What makes this project unique is an intentional focus on service to infant and toddler caregivers of children up to 36 months of age. CCRR’s Infant Toddler Mental Health Consultant, Simone Smith, worked with Red Owl Academy in Palisades, NY to assess the infant and toddler rooms. Her presence helped in the development and implementation of goals that supported the adult caregivers and improved the environment to better support the children. 

Simone consistently conducts outreach to assure that any child care program serving infants and toddler can access her services, receive valuable resource information, and can formally participate in the consultation project. She remains a resource for child care providers seeking strategies to implement in their classrooms.  

Health Care Consultancy 

CCRR employs a Registered Nurse to offer Health Care Consultancy (HCC) Services for child care providers including review and approval of required program health care plans, policies, and procedures. The HCC conducts site visits, offers training on the administration of medication in the child care program, and presents resources and information to providers and families seeking answers to myriad health questions.  

While this position was vacant for the first quarter of FY22, Nathalie Lavalas, RN, was hired in September and immediately dived in to introducing herself to our providers and learning about their needs.  By June 30, 2022, Nathalie completed reviewing 36 health care plans.  Nathalie was also responsible for working with Prekindergarten providers to assist them in reviewing student immunization records and on their reporting requirements to the New York State Department of Health.

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Child and Adult Care Food Program (CACFP) 

Access to healthy meals is foundational to children's ability to learn and thrive. Not all Rockland's children have consistent access to healthy foods. The federally funded CACFP program helps address that need by reimbursing participating child care providers for a portion of the cost of food served during care that meets USDA guidelines. The pandemic continued to impact the CACFP program. During the first quarter, site visits were conducted by telephone or teleconference. In September, CACFP Coordinator Teresa Ortega was able to resume in-person visits on a limited basis. All told, Teresa conducted 91 site visits and offered five virtual mandated training sessions between September and December 2021. All participating providers attended.  

Beginning in the fourth quarter of 2021, providers returned to the CACFP program, particularly those who were closed for the pandemic and several new providers enrolled.  

Because of the pandemic the federal government allowed for all CACFP participants to move to a Tier 1 reimbursement, which meant providers who had previously been in Tier 2 now a high rate of reimbursement, something that was deeply appreciated because it helped offset some of the higher costs of food seen later in the year.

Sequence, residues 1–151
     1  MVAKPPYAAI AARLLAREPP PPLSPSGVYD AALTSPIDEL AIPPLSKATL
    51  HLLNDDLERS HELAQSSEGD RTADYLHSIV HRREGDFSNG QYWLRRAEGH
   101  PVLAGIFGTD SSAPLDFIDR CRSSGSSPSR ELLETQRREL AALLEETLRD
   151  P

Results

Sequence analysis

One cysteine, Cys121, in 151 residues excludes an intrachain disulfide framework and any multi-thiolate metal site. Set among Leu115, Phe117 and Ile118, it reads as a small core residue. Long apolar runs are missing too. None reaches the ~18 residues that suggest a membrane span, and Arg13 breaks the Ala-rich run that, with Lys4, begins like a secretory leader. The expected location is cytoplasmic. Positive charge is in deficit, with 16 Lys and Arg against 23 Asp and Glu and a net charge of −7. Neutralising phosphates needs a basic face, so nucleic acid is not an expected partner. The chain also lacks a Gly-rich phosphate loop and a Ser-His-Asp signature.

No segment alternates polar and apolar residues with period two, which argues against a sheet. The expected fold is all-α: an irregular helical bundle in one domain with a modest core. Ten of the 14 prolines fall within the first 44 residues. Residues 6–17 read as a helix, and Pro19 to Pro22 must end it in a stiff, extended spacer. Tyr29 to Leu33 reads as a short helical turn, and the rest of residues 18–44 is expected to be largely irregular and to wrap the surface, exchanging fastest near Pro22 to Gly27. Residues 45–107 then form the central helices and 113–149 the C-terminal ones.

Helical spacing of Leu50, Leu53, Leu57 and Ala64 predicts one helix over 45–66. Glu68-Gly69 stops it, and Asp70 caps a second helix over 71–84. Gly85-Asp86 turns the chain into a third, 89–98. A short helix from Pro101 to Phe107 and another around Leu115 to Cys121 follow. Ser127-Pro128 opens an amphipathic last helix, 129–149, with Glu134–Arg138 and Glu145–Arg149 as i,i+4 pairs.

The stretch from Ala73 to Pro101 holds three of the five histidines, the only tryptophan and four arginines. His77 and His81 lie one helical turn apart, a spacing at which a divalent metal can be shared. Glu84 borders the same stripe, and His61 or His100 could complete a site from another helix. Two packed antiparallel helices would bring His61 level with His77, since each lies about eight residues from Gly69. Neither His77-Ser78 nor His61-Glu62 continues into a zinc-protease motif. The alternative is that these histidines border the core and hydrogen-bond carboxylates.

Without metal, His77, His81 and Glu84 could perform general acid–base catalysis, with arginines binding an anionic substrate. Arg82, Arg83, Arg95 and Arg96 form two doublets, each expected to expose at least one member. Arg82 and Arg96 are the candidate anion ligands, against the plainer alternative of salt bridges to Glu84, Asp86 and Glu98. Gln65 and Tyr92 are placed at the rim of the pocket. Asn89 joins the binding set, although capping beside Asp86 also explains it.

Visit https://www.fns.usda.gov/cacfp/meals-and-snacks to review program guidelines regarding the differences in meals and snacks.

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Registration

Our Registration Team is responsible for registering and monitoring family day care (FDC) and school age child care (SACC) programs. All are subject to completing an initial application, mid-point reviews, and completing renewals every four years. Our team conducts annual inspections, monitor visits, renewal visits, responds to complaints of illegal child care, and provides training and technical assistance to new and existing child care staff. In FY 22, our team completed the processing of 10 initial applications, inspecting 12 sites (2 applications were withdrawn); processed 24 mid-point applications; processed and inspected nine sites’ renewal applications; responded to 18 complaints; and conducted 37 annual unannounced site visits.  

We work hard to ensure long-term sustainability of our organization in order to best serve all of our constituents and have a responsibility to our funders, our donors, and the community. Learn more about our programs and services by reading our Annual Report Our IRS Form 990 is available upon request. We are available Monday-Friday, from 8:30 am-5:00 pm. Please give us a call at 845-425-0009 or send an email to info@rocklandchildcare.org 

If you would like to make a donation to help support high-quality child care, please click here.

Thank you!